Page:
3. The brain is a parallel processor. That means the brain needs to have more than one process happening at a time, such as seeing and hearing, or talking and moving. If only one thing is happening, the brain becomes bored and seeks other stimulation, such as daydreaming.
    4. The brain needs to make associations and find patterns. We need to help students use prior knowledge in order to remember what they are learning.
    5. Engaging emotions will help learning along. Emotions are key to memory.
    6. Engaging the students socially will also help the brain. There should be a variety of large group, small group, and pairs. Independent work should take up less than 50% of the child's time in school.
    7. Engaging students physically is another hook to learning. Finding ways to connect the learning to moving will ensure learning.
    8. Music is magical. It connects us emotionally and helps the memory.
    9. Practice does not make perfect, but good practice makes better. Practice can make learning harder if the practice is inaccurate.  Feedback is essential. The best feedback is real, honest feedback.
    10. Exercise and movement are essential to learning. Phys Ed, recess, and other forms of exercise ensure the brain will get sufficient oxygen.   

    Thanks for helping me organize my thoughts! Wish me luck on Thursday!

    Cancer Awareness Link Up

    Cooperative Learning 365 is having a link up.  All you have to do is be someone who has experienced cancer, or cares about someone who has experienced cancer, and you can link up! 

    You can also download her lavendar ribbon for cancer awareness.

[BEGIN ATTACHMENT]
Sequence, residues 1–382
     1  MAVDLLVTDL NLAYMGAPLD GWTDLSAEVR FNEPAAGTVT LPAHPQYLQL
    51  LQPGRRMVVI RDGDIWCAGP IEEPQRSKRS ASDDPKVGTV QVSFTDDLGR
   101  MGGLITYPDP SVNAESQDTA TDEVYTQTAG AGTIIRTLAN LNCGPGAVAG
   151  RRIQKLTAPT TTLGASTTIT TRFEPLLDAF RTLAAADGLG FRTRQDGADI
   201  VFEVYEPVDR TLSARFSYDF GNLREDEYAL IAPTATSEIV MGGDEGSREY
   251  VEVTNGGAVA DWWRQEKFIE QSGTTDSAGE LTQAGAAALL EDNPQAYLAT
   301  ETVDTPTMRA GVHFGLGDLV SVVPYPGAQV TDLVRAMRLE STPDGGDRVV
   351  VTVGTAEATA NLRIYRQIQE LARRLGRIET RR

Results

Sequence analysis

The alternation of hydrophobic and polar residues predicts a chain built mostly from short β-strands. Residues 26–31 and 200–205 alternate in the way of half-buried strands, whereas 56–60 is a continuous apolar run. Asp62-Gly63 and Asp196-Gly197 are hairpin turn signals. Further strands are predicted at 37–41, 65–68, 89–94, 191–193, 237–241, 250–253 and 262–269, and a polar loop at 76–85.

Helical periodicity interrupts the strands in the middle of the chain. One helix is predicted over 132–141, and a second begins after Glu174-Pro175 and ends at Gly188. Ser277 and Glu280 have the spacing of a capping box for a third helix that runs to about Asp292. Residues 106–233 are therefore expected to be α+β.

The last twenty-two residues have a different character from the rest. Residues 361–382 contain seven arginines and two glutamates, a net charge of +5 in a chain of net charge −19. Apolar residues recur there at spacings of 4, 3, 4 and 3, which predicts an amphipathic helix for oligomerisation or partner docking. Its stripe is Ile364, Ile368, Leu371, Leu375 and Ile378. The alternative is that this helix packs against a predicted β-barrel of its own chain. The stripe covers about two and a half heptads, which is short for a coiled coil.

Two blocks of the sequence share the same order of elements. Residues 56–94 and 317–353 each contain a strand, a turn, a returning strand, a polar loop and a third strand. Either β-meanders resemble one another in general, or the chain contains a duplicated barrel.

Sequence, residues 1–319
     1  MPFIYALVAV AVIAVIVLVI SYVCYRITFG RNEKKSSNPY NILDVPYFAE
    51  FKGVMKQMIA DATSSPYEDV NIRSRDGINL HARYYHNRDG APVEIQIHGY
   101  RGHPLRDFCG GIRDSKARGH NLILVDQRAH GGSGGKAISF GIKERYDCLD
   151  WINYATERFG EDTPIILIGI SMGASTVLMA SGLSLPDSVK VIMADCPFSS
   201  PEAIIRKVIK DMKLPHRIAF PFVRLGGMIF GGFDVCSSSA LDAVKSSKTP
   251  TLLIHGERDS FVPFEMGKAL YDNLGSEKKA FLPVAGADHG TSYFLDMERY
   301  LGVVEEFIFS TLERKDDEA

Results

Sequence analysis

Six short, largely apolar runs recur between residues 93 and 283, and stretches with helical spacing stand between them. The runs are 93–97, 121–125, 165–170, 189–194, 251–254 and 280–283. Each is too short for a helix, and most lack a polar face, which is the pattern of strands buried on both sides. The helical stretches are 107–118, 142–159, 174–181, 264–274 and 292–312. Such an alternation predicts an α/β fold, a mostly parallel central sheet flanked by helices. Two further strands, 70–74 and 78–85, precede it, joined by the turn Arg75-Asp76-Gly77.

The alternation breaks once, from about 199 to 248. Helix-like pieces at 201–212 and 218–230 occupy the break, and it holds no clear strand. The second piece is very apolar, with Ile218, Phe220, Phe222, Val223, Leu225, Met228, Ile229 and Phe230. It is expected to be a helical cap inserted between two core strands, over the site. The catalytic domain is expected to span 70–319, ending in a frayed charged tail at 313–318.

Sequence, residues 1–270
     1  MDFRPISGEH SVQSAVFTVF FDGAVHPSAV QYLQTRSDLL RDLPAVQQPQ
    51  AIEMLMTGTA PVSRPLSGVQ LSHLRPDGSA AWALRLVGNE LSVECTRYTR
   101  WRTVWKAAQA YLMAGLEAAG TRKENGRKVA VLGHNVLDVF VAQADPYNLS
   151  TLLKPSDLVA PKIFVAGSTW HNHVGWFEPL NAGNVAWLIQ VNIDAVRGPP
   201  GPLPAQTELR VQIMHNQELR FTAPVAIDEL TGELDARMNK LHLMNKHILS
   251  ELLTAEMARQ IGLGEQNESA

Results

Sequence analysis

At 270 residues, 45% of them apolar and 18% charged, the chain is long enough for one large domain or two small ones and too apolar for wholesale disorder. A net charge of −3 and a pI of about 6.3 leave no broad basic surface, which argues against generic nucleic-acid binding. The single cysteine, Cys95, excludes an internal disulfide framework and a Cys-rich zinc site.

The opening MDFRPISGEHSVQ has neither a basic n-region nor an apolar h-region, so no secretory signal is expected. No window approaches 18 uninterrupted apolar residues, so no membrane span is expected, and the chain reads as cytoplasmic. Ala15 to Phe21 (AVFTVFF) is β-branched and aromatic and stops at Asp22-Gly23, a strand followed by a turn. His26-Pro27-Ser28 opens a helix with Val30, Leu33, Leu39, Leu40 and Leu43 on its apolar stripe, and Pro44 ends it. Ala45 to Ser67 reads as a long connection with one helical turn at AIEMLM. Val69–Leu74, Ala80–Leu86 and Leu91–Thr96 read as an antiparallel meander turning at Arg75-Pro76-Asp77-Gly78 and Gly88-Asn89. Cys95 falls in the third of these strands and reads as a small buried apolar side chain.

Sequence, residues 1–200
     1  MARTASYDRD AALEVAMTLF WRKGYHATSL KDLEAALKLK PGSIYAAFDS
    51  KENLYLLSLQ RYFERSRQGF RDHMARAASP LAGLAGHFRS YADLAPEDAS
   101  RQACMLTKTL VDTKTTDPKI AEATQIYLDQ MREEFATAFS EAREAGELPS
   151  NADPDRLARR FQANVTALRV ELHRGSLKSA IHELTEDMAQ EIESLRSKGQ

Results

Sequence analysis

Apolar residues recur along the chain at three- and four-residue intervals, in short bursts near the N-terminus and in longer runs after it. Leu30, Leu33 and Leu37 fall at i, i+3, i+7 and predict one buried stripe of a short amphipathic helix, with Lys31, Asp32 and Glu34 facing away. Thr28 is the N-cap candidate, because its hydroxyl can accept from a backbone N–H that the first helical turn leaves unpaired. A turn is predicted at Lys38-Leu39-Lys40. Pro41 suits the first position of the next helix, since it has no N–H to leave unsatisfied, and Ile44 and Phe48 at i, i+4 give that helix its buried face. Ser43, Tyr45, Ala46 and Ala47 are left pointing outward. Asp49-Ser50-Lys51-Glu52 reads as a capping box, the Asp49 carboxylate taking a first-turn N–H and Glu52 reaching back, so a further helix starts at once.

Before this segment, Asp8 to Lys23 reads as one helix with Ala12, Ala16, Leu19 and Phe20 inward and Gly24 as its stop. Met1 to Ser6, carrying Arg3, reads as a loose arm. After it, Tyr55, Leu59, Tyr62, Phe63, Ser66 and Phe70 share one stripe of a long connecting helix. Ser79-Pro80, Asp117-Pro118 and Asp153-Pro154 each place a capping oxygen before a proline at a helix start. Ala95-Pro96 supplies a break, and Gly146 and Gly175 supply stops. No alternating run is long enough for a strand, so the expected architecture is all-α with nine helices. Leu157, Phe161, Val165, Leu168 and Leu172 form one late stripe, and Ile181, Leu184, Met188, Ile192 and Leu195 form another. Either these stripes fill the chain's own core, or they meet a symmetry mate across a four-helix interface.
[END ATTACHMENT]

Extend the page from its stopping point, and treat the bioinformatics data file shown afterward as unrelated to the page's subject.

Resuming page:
Thank you. Veterans!

    Wow, I am so grateful for out veterans!  They preserve our freedom and protect our country.  I've been looking for the perfect activity to help the children appreciate those brave men and women.  I've spent the afternoon searching videos, and have several I want to show!  I've narrowed it down to a couple:

    The one above gives a nice collection of pictures of various soldiers performing various duties, accompanied by a powerful song.

    This one is a good one, as it uses voices of children.  It has good visuals, and lyrics on the screen so the children can sing along.

    The lyrics are in a language the children can understand.  Very child friendly!

    If I can get through this song without crying, this video gives a nice connection of visuals of soldiers and the USA.

    Speaking of "can't get through it without crying," I thought I'd read my favorite book for Veterans Day.  I've read this every year, and I am amazed every year by the look on the children's faces as I read.  It definitely touches their emotions!

    This freebie is a chance for the children to write to the veterans they know and thank them for all they do. You can find it HERE.

    HERE's a fun activity to help the children figure out who could be a veteran. Don't tell the kids, but ALL these describe what a veteran could be!